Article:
GK: With everyone concerned about the swine flu, I thought it was time we ask someone of the swine family-- you don't mind if I refer to you as a swine?
FN (PIG): No, not at all. Pigs are highly intelligent. More intelligent than dogs, not that that's any sign of distinction. So I'm proud to be a member of the Suidae family. Or as we say, (TWO SNORTS).
GK: That's the name, Suidae?
FN (PIG): The family name, yes. Our species is Sus Domestica.
GK: You're very intelligent for a--
FN (PIG): --for a pig. That's what you were about to say. Wasn't it? Not bad for a pig.
GK: I'm sorry.
FN (PIG): I am a professor of classics at Vanderbilt University.
FN (PIG): Pig Latin.
GK: Okay-- so-- about the swine flu.
FN (PIG):: People who know about this refer to it as H1N1. Not swine flu.
GK: Okay, but to most people it's called swine flu because it originated with pigs.
FN (PIG): We don't know that.
GK: I thought we did.
FN (PIG): We don't know that. And anyway, people did not catch H1N1 from pigs. They catch it from each other. So we swine call it (THREE SNORTS)--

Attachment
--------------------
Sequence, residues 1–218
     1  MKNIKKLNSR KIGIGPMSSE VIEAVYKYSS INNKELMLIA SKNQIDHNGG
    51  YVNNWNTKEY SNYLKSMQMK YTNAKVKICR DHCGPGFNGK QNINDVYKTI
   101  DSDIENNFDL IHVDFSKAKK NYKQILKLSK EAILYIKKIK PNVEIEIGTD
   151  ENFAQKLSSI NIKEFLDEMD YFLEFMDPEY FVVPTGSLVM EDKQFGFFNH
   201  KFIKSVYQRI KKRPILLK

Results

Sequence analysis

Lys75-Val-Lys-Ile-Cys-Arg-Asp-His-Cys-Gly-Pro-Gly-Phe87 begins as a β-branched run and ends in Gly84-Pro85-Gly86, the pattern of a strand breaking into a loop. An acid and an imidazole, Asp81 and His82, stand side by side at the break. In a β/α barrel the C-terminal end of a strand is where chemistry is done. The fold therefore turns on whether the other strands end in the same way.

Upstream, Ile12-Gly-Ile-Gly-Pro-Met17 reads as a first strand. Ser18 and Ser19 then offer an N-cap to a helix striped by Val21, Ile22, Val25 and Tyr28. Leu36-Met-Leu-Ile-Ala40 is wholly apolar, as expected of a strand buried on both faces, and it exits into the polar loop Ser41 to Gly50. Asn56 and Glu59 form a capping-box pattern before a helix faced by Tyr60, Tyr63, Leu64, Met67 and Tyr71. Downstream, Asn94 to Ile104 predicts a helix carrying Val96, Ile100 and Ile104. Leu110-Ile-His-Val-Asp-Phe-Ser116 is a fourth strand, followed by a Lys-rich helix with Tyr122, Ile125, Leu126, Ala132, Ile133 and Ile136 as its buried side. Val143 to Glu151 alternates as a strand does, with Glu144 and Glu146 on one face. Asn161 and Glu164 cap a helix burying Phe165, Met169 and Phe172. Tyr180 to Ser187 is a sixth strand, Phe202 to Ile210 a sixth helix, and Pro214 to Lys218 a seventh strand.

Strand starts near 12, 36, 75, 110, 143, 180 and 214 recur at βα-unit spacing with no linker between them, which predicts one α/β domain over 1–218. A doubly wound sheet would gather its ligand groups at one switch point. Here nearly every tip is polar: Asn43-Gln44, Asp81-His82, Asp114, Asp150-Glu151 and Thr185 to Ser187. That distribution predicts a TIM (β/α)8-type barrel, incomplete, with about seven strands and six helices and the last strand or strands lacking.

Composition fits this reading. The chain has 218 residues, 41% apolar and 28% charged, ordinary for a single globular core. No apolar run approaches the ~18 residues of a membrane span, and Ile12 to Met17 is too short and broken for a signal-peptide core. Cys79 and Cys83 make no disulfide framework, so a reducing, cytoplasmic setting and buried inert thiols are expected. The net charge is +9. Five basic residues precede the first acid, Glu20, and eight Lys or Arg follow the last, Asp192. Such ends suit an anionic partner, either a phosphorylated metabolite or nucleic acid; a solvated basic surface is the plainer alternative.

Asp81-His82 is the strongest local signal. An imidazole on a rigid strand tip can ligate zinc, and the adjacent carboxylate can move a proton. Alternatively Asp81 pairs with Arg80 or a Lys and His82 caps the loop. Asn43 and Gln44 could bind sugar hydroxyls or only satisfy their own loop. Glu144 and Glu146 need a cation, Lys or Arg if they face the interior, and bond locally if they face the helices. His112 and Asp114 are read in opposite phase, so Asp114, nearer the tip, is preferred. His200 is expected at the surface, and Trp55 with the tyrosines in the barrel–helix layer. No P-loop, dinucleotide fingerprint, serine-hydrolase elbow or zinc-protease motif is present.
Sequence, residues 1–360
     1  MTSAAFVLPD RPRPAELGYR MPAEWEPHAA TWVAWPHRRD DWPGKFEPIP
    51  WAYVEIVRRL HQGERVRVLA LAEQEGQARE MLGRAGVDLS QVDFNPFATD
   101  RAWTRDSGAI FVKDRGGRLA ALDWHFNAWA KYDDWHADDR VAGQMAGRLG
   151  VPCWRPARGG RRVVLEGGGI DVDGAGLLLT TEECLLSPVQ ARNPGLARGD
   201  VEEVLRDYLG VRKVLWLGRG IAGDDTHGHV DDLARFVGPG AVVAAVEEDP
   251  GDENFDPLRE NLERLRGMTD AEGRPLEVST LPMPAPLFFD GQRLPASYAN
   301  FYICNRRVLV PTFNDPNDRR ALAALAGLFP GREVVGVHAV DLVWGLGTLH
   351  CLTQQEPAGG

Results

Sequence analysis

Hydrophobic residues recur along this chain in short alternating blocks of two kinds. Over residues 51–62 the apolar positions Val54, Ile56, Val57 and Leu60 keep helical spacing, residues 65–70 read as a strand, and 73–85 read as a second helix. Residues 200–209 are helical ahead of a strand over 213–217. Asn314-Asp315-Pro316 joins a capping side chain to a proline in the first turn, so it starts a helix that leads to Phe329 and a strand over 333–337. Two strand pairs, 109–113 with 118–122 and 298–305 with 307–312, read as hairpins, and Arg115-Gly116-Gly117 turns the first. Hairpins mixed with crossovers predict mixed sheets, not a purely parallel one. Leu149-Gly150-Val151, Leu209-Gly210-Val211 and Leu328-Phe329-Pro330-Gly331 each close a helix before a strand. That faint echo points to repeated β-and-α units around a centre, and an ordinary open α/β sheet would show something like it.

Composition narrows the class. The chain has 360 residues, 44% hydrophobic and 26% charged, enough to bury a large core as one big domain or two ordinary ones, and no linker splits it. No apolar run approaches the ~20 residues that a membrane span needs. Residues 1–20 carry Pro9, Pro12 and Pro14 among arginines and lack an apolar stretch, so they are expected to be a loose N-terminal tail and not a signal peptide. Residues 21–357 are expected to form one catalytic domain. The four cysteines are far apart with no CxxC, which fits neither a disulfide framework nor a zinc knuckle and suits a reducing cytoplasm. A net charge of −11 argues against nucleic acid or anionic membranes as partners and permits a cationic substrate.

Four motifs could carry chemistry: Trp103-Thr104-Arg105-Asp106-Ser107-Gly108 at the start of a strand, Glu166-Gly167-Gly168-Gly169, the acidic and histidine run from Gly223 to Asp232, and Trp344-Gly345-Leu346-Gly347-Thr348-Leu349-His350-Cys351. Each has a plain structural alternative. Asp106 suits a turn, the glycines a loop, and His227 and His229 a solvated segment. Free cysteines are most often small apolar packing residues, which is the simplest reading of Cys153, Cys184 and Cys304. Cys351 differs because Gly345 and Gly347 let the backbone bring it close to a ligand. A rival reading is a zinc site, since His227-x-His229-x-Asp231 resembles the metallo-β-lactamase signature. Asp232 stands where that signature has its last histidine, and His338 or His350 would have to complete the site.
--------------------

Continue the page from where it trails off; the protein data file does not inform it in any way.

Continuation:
GK: Which means?
FN (PIG): People flu.
GK: Okay. So it can't be transmitted from pig to person.
FN (PIG): No, not at all.
GK: And you can't get swine flu so-called by eating pork--
FN (PIG): By what?
GK: Eating pork.
FN (PIG): I can't believe you said that.
GK: I'm sorry.
FN (PIG): You? You eat pork? You kill animals who have done nothing to you and you eat their flesh?????
GK: I don't eat that much pork.
FN (PIG): Oh, so that makes it all right. The occasional murder is fine.
GK: I'm sorry I offended you.
FN (PIG): I've been a fan of this show for years and let me tell you something -- I am never going to give one more ear of corn to public radio. Never. No more.
GK: Okay, we've been talking to a pig about the swine flu.
FN (PIG): You look sort of tasty yourself. Got a couple of nice hams on you, mister.
GK: Thank you very much.